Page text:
I’ve pretty much always been a patch watcher, I don’t have the temperament for twitching it seems, finding the whole activity frustrating, irritating and usually (in my case) futile, I rarely seem to see what I go to twitch.
My first proper patch was Bough Beech Reservoir in Kent, but that was a patch which belonged to other folk too. I also spent a lot of time at Dungeness but that didn’t really seem like a patch (despite it having The Patch). Then I moved out of the South of England again and I was asked to do some survey work on a corner of the Derwent Ings. That was more like a patch, and although I didn’t visit it that often, it was a special place that was rarely birded by anyone else. I found a Firecrest there one day, that was the birding highlight, but I best remember it for the stoat family I watched playing in front of me for half an hour one sunny afternoon, they were almost running over my legs at times, and for the roe deer fawn that I chanced upon one evening.
I moved to Leeds, then spent a year and a half in Kathmandu. Our Patan roof top was ace for raptor watching, and then when we moved into the city itself our tiny garden held gems like Blyth’s Reed Warbler, Dusky Warbler and Olive-backed Pipit, but I wasn’t there long enough to really establish a patch.
We came back to Yorkshire and bought a place in the valleys, near Hebden Bridge; and this is where the madness began. For some reason I decided I would put in most of my birding effort in the area I could walk to around our house. For eleven years I birded Withen’s Clough. Towards the end of this time I did venture further afield, weekends at Filey and Flamborough, and vismig at the nearby Baitings Reservoir but for the first five years at least, other than the odd trip abroad, I was birding Withen’s Clough. And what, you might be thinking, was the outcome of this lunacy, what were the star birds? Over eleven years I watched Tree Pipit and Whinchat populations crash, although Ring Ouzel remained steady (they’ve subsequently pretty much gone I’m told). I enjoyed nesting Merlins from our kitchen window. I got excited about the occasional Marsh and Hen Harriers, I watched Raven and Nuthatch colonise and Yellowhammer hang on. I discovered breeding Grasshopper Warblers, Long-eared and Short-eared Owls. My best migrants were Spotted Redshank, Jack Snipe, Bar-tailed Godwit and a brilliant trumpet tooting Bullfinch. One winter we were swamped with redpolls but I just could not nail the Arctic that I was pretty certain was amongst them. And one magical afternoon my gull roost served up a Caspian Gull (which I was asked to submit and it was then summarily rejected; rarity committees, pah! I ask you…), this before the days when carrying a bird snapping digital camera was really possible let alone my habit, as it is today. So that was Withen’s Clough. The thing was the patch was around our home, everything I saw “counted” and rarity was relative. There is something very attractive about birding like this.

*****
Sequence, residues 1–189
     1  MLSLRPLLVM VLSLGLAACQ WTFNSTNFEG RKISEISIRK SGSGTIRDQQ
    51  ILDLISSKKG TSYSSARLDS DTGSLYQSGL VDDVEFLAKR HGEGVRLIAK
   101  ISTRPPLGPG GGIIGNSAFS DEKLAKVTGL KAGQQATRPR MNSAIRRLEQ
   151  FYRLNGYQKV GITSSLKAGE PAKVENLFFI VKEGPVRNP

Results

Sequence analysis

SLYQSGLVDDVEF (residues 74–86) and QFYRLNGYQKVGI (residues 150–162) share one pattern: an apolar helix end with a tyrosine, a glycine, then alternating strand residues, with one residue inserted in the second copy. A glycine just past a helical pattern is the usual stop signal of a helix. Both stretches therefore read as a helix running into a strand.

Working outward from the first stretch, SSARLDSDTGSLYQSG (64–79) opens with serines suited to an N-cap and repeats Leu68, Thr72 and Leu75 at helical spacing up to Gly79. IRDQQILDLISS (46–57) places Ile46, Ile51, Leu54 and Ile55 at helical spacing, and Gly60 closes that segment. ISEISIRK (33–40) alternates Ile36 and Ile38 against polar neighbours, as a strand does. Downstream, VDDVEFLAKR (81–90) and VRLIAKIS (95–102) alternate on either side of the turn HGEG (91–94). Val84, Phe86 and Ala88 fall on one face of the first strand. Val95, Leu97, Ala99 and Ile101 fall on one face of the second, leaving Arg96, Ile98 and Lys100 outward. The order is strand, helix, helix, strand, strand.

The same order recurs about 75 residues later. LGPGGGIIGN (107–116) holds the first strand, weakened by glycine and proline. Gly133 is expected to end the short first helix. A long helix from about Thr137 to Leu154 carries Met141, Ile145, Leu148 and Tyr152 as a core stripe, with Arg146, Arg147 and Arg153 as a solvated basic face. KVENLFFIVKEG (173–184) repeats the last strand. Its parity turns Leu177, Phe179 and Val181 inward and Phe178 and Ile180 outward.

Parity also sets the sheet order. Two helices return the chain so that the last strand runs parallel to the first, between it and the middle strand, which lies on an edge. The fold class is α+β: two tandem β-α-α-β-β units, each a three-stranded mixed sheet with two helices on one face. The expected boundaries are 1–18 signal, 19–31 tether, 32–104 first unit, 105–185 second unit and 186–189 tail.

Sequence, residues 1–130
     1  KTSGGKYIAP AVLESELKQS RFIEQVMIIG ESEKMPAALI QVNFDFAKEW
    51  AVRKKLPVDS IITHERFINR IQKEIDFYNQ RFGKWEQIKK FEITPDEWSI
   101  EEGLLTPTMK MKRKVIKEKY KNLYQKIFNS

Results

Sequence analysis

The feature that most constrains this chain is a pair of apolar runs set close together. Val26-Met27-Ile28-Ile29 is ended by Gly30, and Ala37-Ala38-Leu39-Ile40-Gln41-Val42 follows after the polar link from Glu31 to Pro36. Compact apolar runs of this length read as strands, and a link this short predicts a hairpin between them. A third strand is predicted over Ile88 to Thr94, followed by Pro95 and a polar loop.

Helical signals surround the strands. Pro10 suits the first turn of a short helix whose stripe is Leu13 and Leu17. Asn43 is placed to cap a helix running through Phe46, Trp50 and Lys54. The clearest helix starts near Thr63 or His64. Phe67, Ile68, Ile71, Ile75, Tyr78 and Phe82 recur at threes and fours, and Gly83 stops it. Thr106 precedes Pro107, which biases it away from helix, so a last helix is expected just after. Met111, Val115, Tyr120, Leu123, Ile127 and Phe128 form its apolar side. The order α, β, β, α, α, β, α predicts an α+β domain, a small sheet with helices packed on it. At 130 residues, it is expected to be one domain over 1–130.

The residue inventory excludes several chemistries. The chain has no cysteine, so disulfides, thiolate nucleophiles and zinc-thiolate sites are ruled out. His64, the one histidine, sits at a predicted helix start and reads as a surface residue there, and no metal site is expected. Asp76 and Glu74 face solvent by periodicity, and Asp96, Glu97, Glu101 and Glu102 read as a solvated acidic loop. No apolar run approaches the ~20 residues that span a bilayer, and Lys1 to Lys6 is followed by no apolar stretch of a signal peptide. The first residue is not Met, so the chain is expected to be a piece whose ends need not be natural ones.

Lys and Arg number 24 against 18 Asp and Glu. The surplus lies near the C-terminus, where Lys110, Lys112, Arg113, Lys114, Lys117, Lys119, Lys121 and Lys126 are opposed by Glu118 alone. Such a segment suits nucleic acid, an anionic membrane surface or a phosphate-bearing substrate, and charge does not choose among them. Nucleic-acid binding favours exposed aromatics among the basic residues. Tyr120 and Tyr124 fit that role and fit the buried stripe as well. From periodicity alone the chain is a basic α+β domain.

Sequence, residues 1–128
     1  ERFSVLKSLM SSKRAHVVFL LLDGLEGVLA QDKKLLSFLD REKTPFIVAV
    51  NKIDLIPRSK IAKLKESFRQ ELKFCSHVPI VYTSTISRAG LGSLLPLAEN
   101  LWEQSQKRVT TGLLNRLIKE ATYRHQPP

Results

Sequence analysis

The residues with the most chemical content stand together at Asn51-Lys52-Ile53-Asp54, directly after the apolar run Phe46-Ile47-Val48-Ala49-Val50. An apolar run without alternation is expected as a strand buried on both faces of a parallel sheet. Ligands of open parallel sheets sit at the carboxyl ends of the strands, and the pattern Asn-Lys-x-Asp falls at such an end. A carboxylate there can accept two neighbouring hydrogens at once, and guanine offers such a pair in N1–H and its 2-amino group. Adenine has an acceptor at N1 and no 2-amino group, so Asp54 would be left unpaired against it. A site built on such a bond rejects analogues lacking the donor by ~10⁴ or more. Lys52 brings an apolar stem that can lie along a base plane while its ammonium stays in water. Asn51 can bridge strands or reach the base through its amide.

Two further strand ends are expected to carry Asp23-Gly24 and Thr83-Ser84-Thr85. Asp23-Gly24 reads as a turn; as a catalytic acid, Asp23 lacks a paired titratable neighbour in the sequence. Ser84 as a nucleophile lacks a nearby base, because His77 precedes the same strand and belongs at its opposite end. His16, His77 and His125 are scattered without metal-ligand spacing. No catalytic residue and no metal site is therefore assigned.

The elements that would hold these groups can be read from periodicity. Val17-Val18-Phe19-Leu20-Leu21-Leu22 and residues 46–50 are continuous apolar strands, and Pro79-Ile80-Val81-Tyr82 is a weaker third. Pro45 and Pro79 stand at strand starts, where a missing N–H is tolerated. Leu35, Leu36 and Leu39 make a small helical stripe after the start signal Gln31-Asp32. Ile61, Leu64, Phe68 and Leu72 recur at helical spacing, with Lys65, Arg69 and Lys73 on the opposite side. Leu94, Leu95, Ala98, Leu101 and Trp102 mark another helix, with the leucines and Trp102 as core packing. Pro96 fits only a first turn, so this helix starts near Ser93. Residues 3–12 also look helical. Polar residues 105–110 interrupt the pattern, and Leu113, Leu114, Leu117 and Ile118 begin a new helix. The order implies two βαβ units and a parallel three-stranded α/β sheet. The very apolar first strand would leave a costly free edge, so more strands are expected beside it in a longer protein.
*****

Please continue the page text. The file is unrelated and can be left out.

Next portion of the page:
We moved to North Yorkshire and I established three patches, one around our home again, one at Kettleness on the coast and one at Scaling Dam Reservoir. Now this was a bit more like it you’ll be thinking. Well yes it was in many ways. And the full story can be read here: http://whitbybirding.blogspot.co.uk/ because by then blogging had come along. The house and garden patch was especially interesting, probably more for invertebrates than birds, I just wish I’d bought a proper moth trap. The birding garden list got to 71, and included Great Grey Shrike and Goshawk, and the tetrad to 90.
Four years in North Yorkshire and the feet got itchy. The birding was pretty good, but maybe we could do better. A chance came up to work on Orkney and we went for it. Louise chose our home patch, because she came up and bought the house whilst I stayed in Yorkshire working and looking after the girls. I just saw the pictures and reckoned it would be ok. I don’t think I could have chosen better, well something on Start Point might have been good but getting to work might have been tricky. Although we’re as far from the sea as you can be on Orkney, about 8km, we’re in a sheltered spot with mature Sycamore trees, mostly in our neighbour’s garden, and a great view over several lochs and lochans. We have the moors behind us to the north, and the wetlands and grazing below us to the south. Despite the distance from the coast, the trees bring the migrants in, our feeders hold birds here and bring them to view, and the lochs and lochans provide plenty of good habitat to search for waders and ducks. I also have a patch on the coast, Palace and the Brough of Birsay, and I’ll define that for the Patchwork Challenge too as I’m going to give that a bit of welly next year. It has huge potential, despite being on the north-west corner of Mainland (Orkney), but it is seriously underwatched.
Despite the number of rare birds found on Orkney each year they do not generally just fall into your lap. The impressive lists of super-rares on North Ronaldsay and South Ronaldsay, in particular, are a testament to hard graft. Most of Orkney has high potential but there are relatively few observers for a place with a lot of choice spots for birding. The reason that I’ve seen some pretty decent birds from my home patch is that I’m giving it regular scrutiny and the bins are never far from hand. Also, making the effort to drive the 10 or 15 minutes to Palace and The Brough when the weather is right, or even when it isn’t, and then spending time about does bring results. This year’s been pretty good, and that’s with some quite significant lapses, so I’m gearing up for a patch race with myself between my two patches, and with the rest of you in 2013.
My full Orkney birding story so far is told here: http://literateherringthisway.blogspot.co.uk/